I want to support young girls who are in their 20s now and tell them: You’re not just imagining things. It’s tough. Everything that a guy says once, you have to say five times. Girls now are also faced with different problems. I’ve been guilty of one thing: After being the only girl in bands for 10 years, I learned—the hard way—that if I was going to get my ideas through, I was going to have to pretend that they—men—had the ideas. I became really good at this and I don’t even notice it myself. I don’t really have an ego. I’m not that bothered. I just want the whole thing to be good. And I’m not saying one bad thing about the guys who were with me in the bands, because they’re all amazing and creative, and they’re doing incredible things now. But I come from a generation where that was the only way to get things done.
Pretty much everything that Björk says affirms the labor performed by women who make things, and women who are holding it down in other ways, especially where that work has been made invisible or devalued. The questions are pitch-perfect, confirming my belief that female journalists need to be given the space and opportunity to interview women artists basically ALL THE TIME. The whole thing is golden, and I cannot wait to read the full interview in the next issue of The Pitchfork Review.
Watch Corin Tucker and Carrie Brownstein of Sleater-Kinney present a VERY SERIOUS AND LONG-WINDED HISTORY OF RIOT GRRRL. Sleater-Kinney’s first album in 10 years, No Cities to Love, came out this week, and it’s a real rompstomper that has completely taken over my life.
The occasional Rookie contributor and swell-ass human being Monica Heisey wrote a piece about abortion which advocates for a more open, honest, humanizing way of talking about the procedure. Let her tell you:
To avoid conversations about abortion with the people in your life is to avoid thinking about abortion as a complex human experience, as nuanced as any other. Denying the range of women’s experiences of abortion keeps the topic a taboo in reality and a vibrant topic of debate in the abstract. It is easier to give away the reproductive rights of an abstract idea. Abortion is not just something that happens to one in three women. It happens to one in three women you know.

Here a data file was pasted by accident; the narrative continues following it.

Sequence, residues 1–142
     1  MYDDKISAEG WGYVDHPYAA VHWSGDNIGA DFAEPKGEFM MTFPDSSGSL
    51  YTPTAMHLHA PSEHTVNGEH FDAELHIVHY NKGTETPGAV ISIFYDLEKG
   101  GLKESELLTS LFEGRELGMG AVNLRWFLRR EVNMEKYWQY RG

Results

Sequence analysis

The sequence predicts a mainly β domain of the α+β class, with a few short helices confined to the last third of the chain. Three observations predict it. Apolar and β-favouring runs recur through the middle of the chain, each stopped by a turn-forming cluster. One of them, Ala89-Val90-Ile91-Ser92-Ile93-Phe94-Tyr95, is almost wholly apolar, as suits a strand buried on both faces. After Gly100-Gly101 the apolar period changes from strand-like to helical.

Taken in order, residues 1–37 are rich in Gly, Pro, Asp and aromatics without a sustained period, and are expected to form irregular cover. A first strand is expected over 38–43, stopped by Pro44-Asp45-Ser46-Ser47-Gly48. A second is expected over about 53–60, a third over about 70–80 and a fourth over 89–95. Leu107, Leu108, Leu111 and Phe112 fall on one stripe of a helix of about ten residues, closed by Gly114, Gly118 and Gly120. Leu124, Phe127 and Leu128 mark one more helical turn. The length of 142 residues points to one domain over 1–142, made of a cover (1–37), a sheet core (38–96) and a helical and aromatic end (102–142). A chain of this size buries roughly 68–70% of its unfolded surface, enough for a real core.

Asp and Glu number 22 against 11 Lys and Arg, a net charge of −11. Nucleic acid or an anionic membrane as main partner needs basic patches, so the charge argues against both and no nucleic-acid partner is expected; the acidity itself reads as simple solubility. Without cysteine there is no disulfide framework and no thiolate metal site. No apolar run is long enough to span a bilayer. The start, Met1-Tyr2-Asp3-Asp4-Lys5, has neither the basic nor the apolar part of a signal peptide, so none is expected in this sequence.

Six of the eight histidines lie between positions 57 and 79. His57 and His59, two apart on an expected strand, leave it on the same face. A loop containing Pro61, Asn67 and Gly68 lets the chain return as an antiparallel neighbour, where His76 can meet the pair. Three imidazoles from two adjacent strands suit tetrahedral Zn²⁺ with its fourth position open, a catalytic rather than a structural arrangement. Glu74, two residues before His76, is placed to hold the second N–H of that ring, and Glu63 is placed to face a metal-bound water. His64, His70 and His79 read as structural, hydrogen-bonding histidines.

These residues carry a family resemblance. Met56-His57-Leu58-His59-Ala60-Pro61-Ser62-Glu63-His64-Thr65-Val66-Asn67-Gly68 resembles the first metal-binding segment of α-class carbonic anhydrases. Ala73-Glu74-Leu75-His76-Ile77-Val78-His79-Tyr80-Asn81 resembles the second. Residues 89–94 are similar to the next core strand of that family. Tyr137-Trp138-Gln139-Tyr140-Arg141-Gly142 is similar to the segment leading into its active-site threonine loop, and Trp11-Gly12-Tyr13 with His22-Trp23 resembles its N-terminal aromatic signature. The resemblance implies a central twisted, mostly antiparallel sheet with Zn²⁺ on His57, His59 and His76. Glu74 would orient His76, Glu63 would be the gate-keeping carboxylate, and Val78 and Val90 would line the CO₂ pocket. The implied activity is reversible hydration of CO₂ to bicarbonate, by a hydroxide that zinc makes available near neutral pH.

The piece addresses something many of us think, but are often way too scared of seeming flip, insouciant, or otherwise BAD-PERSON MATERIAL to say: You don’t have to apologize for choosing to have an abortion, and you don’t have to feel manacled to the modern-girl feminist ideal of being totally 100 percent fine with it, either. I’m so glad someone is laying these feelings bare in public—the political is, first, personal. We vote based on our feelings, and reading/talking about/hearing what some might dismiss as “ONE WOMAN’S STORY” is a crucial part of this, both in terms of this piece and in a wider sense. When Monica—or you, or me—tells hers, others feel OK to do the same. When we are able to hear the details of one another’s lives, we become of real consequence to one another. Hopefully, our politics will reflect that care as we continue the battle to maintain our reproductive rights. Basically: Hell fuck yes, Monica.
If you’re not stanning hard for her yet, then this might get you going: Tracee Ellis Ross spoke to the New York Times Magazine‘s Jenna Wortham about bucking mainstream beauty standards and her own silly, often-hilarious antics. In the the last line of the interview, Tracee talks about her mom—Diana Ross!—and basically describes many of our mothers: “No, my mother is not on Instagram, but she does know how to Google things.”
NPR took a look inside Whittier, Alaska, where most of the townspeople live in the same building. Begich Towers—a former Army barracks—is a 14-story building which looks like a hotel and contains anything a town could ever need: a market, bed and breakfast, and police station. Basically, Whittier sounds a lot like a district in The Hunger Games.
The writer Jennifer Pastiloff gave a beautiful account of losing her hearing. The piece follows Pastiloff through New Jersey, Southern California, the Galapagos Islands, and more as she makes a case for the non-importance of speaking. The essay is written in an experimental and fragmented style, and it makes perfect sense for the subject matter. This is a refreshing example of what introspective essay writing can be.
The Rookie boss-boss Tavi Gevinson was featured on The Coveteur! I swoon over that nameplate necklace. ♦